Two West High Students Selected as Finalists for Utah’s Senate Youth Program

Adelaide Parker

Vishal Jammulapati
Chris Li

Over the past few months, the U.S. has been engulfed in a constant state of political turmoil. A controversial election, second impeachment, and even riots at the Capitol have made politics a more important issue than ever, sparking interest from many different groups of Americans and promoting nationwide political engagement and activism. But this increase in political participation has not only affected voting-age Americans—it has also resulted in increased involvement among America’s teenagers, causing many students to look for opportunities to engage in politics as well.

        The Senate Youth Program, a program open to high school juniors and seniors around the country, is one such opportunity. Each year, two students from each state are chosen to participate in the program, receiving a weeklong visit to Washington D.C., meetings with Senators, a $10,000 scholarship, and even a conversation with the President himself.

        Chris Li and Vishal Jammulapati, two West High Seniors, were among the five finalists for the U.S. Senate Youth Program in Utah.

“I found out about the U.S. Senate Youth Program from the incredible Kara Budge at West High. The program exists nationally with two delegates being chosen from each state to spend ‘Washington Week’ with their state senators,” says Vishal. After a long application process, he was recently selected as an alternate for the program’s 2021 session.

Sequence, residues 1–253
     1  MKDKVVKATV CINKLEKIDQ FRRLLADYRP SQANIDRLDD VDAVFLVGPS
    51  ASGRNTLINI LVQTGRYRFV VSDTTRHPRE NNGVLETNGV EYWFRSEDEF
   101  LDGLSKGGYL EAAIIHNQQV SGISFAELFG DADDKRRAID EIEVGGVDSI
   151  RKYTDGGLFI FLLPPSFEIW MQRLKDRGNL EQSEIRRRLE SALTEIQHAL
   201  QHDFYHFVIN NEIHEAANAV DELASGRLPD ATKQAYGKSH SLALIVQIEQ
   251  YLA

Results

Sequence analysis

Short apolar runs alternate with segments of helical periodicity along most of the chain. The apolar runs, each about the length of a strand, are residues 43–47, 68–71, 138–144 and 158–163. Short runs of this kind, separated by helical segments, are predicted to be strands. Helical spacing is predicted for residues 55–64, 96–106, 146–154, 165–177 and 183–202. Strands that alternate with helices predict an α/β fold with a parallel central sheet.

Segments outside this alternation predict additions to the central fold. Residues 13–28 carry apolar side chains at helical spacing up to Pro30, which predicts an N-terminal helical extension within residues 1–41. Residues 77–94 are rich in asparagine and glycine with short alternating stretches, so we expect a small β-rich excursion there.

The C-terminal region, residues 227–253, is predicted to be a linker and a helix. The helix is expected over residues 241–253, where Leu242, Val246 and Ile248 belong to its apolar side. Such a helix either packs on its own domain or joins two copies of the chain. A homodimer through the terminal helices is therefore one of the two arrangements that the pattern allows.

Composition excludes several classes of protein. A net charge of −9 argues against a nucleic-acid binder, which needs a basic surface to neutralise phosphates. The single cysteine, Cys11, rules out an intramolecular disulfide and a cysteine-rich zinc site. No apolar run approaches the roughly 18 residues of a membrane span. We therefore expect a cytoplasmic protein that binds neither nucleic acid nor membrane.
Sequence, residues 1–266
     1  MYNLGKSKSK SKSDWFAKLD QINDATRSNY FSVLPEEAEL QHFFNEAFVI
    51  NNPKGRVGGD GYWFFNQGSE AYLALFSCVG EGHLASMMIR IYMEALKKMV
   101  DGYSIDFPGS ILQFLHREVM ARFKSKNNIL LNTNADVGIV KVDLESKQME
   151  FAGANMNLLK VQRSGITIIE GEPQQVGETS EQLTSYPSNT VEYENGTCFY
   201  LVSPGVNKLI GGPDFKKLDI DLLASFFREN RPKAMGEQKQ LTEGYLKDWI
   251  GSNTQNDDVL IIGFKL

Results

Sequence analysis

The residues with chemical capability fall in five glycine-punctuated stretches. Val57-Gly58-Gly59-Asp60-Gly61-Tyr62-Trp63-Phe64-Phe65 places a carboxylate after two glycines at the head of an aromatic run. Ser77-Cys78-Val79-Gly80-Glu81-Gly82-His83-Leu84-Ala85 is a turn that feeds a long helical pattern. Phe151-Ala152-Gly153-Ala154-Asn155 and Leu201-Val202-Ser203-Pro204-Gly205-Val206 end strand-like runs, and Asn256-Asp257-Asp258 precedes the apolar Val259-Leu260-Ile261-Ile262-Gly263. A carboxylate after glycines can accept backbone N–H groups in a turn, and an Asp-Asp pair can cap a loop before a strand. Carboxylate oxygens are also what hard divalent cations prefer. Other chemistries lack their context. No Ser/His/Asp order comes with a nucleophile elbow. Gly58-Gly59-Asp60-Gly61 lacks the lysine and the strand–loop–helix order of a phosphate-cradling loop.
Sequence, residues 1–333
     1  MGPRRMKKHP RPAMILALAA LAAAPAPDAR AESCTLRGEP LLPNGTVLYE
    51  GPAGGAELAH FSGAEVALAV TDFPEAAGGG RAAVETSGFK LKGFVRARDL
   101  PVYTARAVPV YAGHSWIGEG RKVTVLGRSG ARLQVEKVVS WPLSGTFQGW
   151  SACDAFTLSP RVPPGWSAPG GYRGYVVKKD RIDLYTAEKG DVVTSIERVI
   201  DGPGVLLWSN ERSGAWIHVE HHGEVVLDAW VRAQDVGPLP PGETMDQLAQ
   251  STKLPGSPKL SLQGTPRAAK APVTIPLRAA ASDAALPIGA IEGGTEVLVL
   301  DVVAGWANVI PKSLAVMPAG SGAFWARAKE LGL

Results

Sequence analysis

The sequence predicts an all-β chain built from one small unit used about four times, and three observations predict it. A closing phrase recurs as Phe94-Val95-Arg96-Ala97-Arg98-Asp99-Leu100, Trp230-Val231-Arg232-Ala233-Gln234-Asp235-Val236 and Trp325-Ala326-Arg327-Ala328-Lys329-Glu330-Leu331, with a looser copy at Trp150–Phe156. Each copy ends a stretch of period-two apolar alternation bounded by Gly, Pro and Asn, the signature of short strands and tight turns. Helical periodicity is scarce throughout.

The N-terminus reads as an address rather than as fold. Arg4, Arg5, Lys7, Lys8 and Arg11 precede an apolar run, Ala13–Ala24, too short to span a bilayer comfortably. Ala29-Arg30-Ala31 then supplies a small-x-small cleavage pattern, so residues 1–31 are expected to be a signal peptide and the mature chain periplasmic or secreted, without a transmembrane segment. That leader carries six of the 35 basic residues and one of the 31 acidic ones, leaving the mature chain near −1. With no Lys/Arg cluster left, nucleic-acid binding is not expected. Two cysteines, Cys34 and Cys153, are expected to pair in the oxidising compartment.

“The first step [of the application process],” says Vishal, “is to be nominated as one of two applicants for your school.” After receiving application requests from their students, a school selects their two nominees: putting particular emphasis on applicants serving leadership roles within either student government or service-related clubs like the National Honors Society. After receiving a nomination, students will put together a 20-page portfolio highlighting their leadership skills, academic abilities, and any ongoing service activities or projects.

“After you’ve submitted the portfolio to the Utah State Board of Education, you’ll be invited to participate in a live debate and competition with the nominees from high schools across Utah,” says Vishal. “This competition consists of an extemporaneous speech, extemporaneous essay, and roundtable discussion.” The Senate Youth Program seeks to cultivate the same skills used by America’s Senators in potential applicants—ensuring that those who are chosen have both an interest in politics and the skills to pursue it.

After the application process is complete, two delegates and two alternates are chosen from Utah’s group of competitors. Utah’s 2021 delegates are Aarushi Verma, a senior at Skyline High School, and Caroline Waldmann, a senior at Park City High School. Its alternates include both Vishal and Ashton Pelley, a student at Jordan High School.

“I do think high school students should be aware of policy even if they are annoyed by the American political establishment,” says Vishal, when asked why politics are important to him. “Policy defines our lives, especially for students of color. It’s our right and our responsibility to understand who is trying to take our rights away. If we don’t keep our eyes on [them], they might just disappear.”

For West students hoping to engage with politics and protect their rights, there are many other ways, besides just the Senate Youth Program, to get involved. Through attending local city council meetings or legislative sessions, making calls for a candidate running for office, or even posting about a meaningful issue on social media, West students of all ages can engage with local politics and with the communities around them, sparking meaningful change in the process.